BMW X1 review: Urban Front Runner
Text and photos by The Lenspeed Team
Most potential buyers wouldn’t be bothered, and probably wouldn’t care much either, but the most significant change of the new BMW X1 is discarding its old rear-wheel drive platform for an all-new front-wheel drive one.
This is significant for BMW, but perhaps less so now that there is an assortment of FWD vehicles already in the line-up, like the 2-Series Active Tourer. However, the X1 would still be available with all-wheel drive, though as an option, so it’s not just all for show.
Being forward driven also now means it can fully maximise its interior packaging – it is now an inviting place to be, with ample legroom in the rear and an airier, more open environment that was absent previously.
Somehow, it also managed to look a lot angrier and menacing than the last model, with a buffed up front that resembles its larger sibling, the X5. The proportions are a lot better now, and the X1 is really an attractive looking SUV, with an almost coupe-like roofline.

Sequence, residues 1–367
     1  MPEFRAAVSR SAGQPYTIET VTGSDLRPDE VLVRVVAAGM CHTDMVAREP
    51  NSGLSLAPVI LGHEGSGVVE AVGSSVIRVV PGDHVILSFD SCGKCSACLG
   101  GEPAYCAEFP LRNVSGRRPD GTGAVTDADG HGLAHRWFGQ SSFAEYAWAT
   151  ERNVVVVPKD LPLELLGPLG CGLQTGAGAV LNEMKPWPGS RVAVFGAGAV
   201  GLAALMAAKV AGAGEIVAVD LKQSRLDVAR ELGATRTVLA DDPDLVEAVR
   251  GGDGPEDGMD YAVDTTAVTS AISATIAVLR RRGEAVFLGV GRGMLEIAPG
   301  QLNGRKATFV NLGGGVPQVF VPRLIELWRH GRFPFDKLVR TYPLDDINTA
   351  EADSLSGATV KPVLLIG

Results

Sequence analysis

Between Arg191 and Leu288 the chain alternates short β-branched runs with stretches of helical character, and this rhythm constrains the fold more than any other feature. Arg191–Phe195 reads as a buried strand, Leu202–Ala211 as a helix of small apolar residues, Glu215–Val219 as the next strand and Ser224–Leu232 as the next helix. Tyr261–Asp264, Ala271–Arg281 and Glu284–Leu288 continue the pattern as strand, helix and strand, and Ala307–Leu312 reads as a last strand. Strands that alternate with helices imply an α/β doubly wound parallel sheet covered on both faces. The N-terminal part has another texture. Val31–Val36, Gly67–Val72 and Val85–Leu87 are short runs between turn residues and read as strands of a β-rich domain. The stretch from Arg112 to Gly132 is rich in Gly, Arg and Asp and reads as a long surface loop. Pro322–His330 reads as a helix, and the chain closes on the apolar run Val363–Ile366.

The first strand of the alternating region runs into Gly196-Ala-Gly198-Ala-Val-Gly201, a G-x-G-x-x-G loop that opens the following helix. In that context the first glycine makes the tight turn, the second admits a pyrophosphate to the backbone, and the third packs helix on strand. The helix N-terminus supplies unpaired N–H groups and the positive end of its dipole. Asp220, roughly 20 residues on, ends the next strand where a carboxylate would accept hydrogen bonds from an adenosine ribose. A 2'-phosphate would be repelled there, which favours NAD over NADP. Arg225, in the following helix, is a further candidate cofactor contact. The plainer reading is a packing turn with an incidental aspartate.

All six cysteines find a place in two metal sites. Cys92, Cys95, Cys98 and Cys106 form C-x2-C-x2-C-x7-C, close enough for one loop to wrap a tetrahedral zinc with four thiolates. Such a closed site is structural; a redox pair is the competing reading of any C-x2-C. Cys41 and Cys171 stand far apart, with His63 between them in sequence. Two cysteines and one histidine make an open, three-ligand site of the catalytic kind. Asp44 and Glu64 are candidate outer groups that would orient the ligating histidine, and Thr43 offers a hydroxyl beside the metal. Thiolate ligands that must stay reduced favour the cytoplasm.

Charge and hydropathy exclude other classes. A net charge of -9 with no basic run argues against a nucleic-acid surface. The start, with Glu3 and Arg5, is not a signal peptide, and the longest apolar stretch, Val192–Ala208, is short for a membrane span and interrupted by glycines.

All this bodes very well for the car, of course. In urban Singapore, the difference between FWD and RWD can hardly be felt, especially for an SUV, so the new car gives more benefits to the driver, than it takes away with its new platform.
A turn of the steering wheel already suggests this car is a lot sportier than what you’d expect of an SUV. It feels direct, meaty and full of feedback – not unlike what you will find in a Mini. It won’t come as a surprise if we found out that Mini has had some part to play in the handling of this car. It has been the only brand in the BMW Group with FWD vehicles, after all.
Show the car some corners and it will dance with them willingly. The suspension is also very well-judged. It’s firm, but also very pliant over humps and sooner than later you will be finding yourself going faster in urban roads than some supercars. The way it tackles the cityscape and suburban sprawl is commendable, it’s as if it’s built for it.
The drivetrain is also nothing to scoff at either. Even though it is essentially the base trim you can get in Singapore, it actually has an engine from the cooking Mini model, the Cooper S. So you get nearly 100bhp/litre, and plenty of low-end torque to dart in between traffic. The gearbox also suits the engine very well, shifting fast and responsively.
In all, it’s a huge step up from the last model, and a small SUV seriously worth considering. Even if it’s a FWD BMW, it’s just better than it ever was.
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